President Bush last month finally admitted that after years of half measures, he is ready to consider proposals to "revamp and reform our intelligence services." It's about time. When it comes to protecting America from terrorists here at home, it is clear that the agency responsible for the intelligence we rely upon -- the Federal Bureau of Investigation -- simply is not up to the job.
As a member of the Senate Intelligence and Judiciary committees, I've spent years studying the FBI -- its leadership, its culture, its structure, the training of its agents, its technological capabilities. The FBI is an excellent law enforcement agency -- probably the world's best -- and it is staffed with good people, including Director Robert Mueller.
That does not change the fact that the FBI has failed as an intelligence agency. As an institution, it does not possess any of the qualities that make for a successful intelligence agency. Indeed, the very qualities that make it successful in law enforcement work -- a linear process motivated by the goal of arresting, prosecuting, convicting and incarcerating lawbreakers -- are the qualities that make it unsuccessful in intelligence.
The administration says that it is working to correct the deficiencies, and Congress has received numerous briefings outlining Mueller's own efforts. Yet I have heard nothing that gives me confidence that the proposed changes will enable the FBI to more effectively collect intelligence on the plans and intentions of terrorists.
Don't just take it from me: As a recent report written by the bipartisan 9/11 commission explained, there is "a gap between announced reforms at FBI headquarters and the reality in the field." And the nonpartisan Congressional Research Service noted last month in a report that "the culture of the FBI, including its law enforcement-oriented approach to intelligence, may prove to be an insurmountable obstacle" to reform.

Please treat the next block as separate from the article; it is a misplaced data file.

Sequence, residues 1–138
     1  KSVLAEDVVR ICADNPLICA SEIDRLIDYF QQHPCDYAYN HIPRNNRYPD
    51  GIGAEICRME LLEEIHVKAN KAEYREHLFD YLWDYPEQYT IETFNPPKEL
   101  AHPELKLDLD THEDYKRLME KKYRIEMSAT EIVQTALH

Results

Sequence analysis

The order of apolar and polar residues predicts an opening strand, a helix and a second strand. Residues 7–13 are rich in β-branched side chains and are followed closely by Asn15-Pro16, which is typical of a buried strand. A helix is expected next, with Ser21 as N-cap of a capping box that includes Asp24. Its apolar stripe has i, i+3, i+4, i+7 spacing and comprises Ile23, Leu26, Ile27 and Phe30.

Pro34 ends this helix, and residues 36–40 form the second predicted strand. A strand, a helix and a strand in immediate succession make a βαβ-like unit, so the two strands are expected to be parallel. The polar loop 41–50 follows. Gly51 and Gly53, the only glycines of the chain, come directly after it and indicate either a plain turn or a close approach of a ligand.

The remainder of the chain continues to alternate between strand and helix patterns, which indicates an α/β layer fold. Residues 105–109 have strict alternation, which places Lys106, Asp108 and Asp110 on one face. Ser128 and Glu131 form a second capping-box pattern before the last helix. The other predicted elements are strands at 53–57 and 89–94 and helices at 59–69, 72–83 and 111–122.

Instead of trying to turn the FBI into something it isn't, it is time to take the responsibility for domestic intelligence away from the FBI and to create a new Homeland Intelligence Agency dedicated to collecting foreign intelligence inside the United States. I proposed this idea in Congress last year. Great Britain and Canada and many Western democracies already have similar agencies.
Of course, any discussion of a Homeland Intelligence Agency raises serious and legitimate questions about the effect this could have on our civil liberties. I share these concerns. That is why we must create an intelligence agency that does a better job of tracking terrorists and a better job of protecting our basic freedoms.
Today, we have the worst of all worlds: an FBI that does a poor job of securing vital intelligence inside the United States, led by an attorney general who is doing an even worse job of protecting our civil liberties. We can and must do better on both fronts. A Homeland Intelligence Agency would require no new investigative authorities and would be tightly focused on gathering the intelligence we need to stop terrorist attacks. But it would also be carefully checked by new measures to prevent abuses of our civil liberties.
This new agency must be designed with clear safeguards to protect civil liberties -- including, for example, thorough internal recordkeeping, judicial review, public reporting and better congressional oversight. Also, it should have a high-level watchdog office to ensure that our freedoms are protected. Such measures would provide even greater protection of civil liberties than we have today under the FBI.
We cannot afford to close our eyes and our ears any longer to gathering intelligence about terrorists operating within our own borders. At the same time, we must do better at protecting civil liberties. Done the right way, a Homeland Intelligence Agency will do both, making Americans safer and freer.
(U.S. Sen. John Edwards is a Democrat from Raleigh.)